Reeling from a court order two days ago to dissolve a new parliament dominated by the Muslim Brotherhood, many question whether the wealthy generals who pushed aside their fellow officer Mubarak last year to appease the pro-democracy protests of the Arab Spring will honour a pledge to let civilians rule.
“Egypt chooses a president today without a constitution or a parliament,” the Al-Masry Al-Youm newspaper wrote in a front-page headline, highlighting the uncertainty many Egyptians feel 16 months after Mubarak’s 30-year rule ended with mass protests.
With neither a parliament nor a new constitution in place to define the president’s powers, the run-off vote this weekend will not settle the matter, leaving 82 million Egyptians, foreign investors and allies in the United States and Europe unsure what kind of state the most populous Arab nation will be.
Some of Egypt’s 50 million eligible voters say they will spoil their ballots rather than back Ahmed Shafik, 70, a former air force commander who was Mubarak’s last prime minister, or Mohammed Morsy, 60, of the Brotherhood, the clandestine enemy of army rule for six decades.
Whoever wins, the army retains the upper hand. A Shafik presidency means a man steeped in military tradition will be back in charge, just like all the other previous presidents. If Morsy wins, the military can still influence how much executive authority he has in the yet-to-be-written constitution.
Many fear the Brotherhood will not accept a defeat quietly and a Shafik win could touch off new turmoil on the streets, forcing the army to take sides to impose order and further unsettling a state at the heart of a turbulent Middle East.
The euphoria that accompanied Mubarak’s overthrow on 11 February last year has given way to exhaustion and frustration after a messy and often violent transition overseen by the generals.
For those who preferred the secular centrists, leftists and moderate Islamists who lost in the first round, the two-man run-off leaves an unpalatable choice from the extremes.
“Both are useless but we must choose one of them unfortunately,” said Hassan el-Shafie, 33, in Mansoura, north of Cairo. “But I am thinking of spoiling my vote.”
Yet, Shafik has won over many who see him having the army’s backing to bring stability to a nation, whose economy has been teetering on the brink of crisis with its foreign reserves drained dramatically after tourists and investors packed up. “He has exactly what we need in a leader. A strong military man to have a strong grip on the state and bring back security,” said Hamdy Saif, 22, a student in Cairo’s Nasser City district.
There are signs of exasperation with the Brotherhood’s push for power on the back of a revolt driven in its early stages by the secular, urban middle class that may limit Morsy’s ability to widen his appeal beyond the Brotherhood’s disciplined ranks.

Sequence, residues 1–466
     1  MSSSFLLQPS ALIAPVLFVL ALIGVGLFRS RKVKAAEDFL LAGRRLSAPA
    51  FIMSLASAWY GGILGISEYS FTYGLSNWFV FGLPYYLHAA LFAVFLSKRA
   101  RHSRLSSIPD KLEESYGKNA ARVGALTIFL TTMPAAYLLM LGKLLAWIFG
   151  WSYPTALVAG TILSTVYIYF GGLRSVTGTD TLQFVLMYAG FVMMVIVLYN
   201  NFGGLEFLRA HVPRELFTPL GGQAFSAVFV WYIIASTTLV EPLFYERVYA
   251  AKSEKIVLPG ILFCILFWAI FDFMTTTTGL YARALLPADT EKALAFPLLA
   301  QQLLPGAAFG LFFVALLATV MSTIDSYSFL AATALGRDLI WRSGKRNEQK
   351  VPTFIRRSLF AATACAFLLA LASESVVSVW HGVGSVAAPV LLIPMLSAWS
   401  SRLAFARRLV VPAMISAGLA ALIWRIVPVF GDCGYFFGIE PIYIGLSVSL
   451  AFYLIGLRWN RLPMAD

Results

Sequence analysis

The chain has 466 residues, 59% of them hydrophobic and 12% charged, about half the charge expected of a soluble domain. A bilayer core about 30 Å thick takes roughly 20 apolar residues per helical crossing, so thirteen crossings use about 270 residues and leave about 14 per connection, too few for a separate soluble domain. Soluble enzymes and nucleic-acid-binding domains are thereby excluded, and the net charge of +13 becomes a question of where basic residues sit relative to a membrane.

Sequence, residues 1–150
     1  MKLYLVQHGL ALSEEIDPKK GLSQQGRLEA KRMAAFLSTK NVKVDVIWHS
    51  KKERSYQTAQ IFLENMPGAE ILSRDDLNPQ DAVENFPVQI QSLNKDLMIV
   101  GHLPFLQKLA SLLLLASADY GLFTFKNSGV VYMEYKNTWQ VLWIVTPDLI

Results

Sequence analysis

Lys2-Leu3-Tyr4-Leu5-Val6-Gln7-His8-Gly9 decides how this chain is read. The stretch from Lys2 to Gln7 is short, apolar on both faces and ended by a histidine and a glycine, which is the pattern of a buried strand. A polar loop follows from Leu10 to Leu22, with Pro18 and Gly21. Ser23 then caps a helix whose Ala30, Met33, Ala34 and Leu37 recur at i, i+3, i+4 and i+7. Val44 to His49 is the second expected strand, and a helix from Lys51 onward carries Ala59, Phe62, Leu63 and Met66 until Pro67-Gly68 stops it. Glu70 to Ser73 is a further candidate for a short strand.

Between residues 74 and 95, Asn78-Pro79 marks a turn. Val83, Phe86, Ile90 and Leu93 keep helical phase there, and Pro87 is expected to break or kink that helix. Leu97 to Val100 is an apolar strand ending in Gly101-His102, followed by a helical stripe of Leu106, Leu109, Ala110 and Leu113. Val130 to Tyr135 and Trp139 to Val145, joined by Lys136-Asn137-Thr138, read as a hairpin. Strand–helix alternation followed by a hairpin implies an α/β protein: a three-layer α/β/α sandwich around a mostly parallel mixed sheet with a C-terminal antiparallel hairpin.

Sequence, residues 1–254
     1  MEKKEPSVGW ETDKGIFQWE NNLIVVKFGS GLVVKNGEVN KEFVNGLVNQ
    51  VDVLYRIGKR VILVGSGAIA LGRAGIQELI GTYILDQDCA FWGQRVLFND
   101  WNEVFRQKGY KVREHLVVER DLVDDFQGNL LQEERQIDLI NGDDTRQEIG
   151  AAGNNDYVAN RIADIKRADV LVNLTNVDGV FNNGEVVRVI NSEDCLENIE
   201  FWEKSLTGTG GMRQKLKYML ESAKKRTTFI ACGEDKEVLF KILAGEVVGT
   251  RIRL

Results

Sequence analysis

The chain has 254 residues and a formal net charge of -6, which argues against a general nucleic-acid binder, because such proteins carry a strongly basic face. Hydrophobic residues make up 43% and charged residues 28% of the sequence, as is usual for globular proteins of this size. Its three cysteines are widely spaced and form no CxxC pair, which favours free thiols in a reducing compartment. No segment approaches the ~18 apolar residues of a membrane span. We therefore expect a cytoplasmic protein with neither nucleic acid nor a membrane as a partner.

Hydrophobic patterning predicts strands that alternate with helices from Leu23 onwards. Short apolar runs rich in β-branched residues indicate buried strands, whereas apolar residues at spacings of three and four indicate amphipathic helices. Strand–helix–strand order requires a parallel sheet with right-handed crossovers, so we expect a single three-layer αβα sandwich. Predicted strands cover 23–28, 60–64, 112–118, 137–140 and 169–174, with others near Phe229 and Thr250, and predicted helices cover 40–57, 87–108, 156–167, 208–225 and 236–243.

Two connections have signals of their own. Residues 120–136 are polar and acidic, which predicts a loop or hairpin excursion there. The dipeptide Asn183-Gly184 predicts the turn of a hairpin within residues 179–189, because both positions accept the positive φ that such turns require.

The Brotherhood had secured the biggest bloc in parliament elected in a vote that ended in January. It ran for more seats than it initially said it would and then angered some Egyptians by reneging on a declaration not to seek the presidency. The court ruling to dissolve parliament reverses its gains, and helped win at least some more sympathisers for the group.
More than 850 people were killed in the uprising that brought Mubarak down.
The former president has been sentenced to life in jail, as was his interior minister, but many were angry with the 2 June verdict because six top police officers were acquitted, so many now feel Mubarak could win an appeal.
Both Shafik and Morsy have sought the centre ground, promising to rule in the spirit of the revolution: “It is not correct that the military council wants to rule through me,” said Shafik, seen as a potential successor even in Mubarak’s time, although he and other contenders were overshadowed by the president’s son.
Morsy, a last-minute choice for the Brotherhood after its preferred candidate was barred, has played down talk of a crackdown on beachwear and alcohol that would hurt tourism and steered away from confrontation with Israel after three decades of cool peace maintained during Mubarak’s military-backed rule.
“We are back to the political dynamic of secular versus Islamist, of a civil state versus an Islamist state,” said Mona Makram Ebeid, a political scientist and member of a body that advises SCAF, the Supreme Council of the Armed Forces.
“That is what we as political forces are confronted with today, causing almost a gridlock,” she said, referring to months of wrangling between the army, Islamists, liberals and other parties seeking to carve a new course for the nation.
During Mubarak’s era, his presidency was mainly endorsed in single-candidate referendums but in 2005, under pressure from his US ally, he held a multi-candidate presidential race. No one was surprised when Mubarak cruised to an easy win because of rules that had made it impossible to put up a realistic challenge.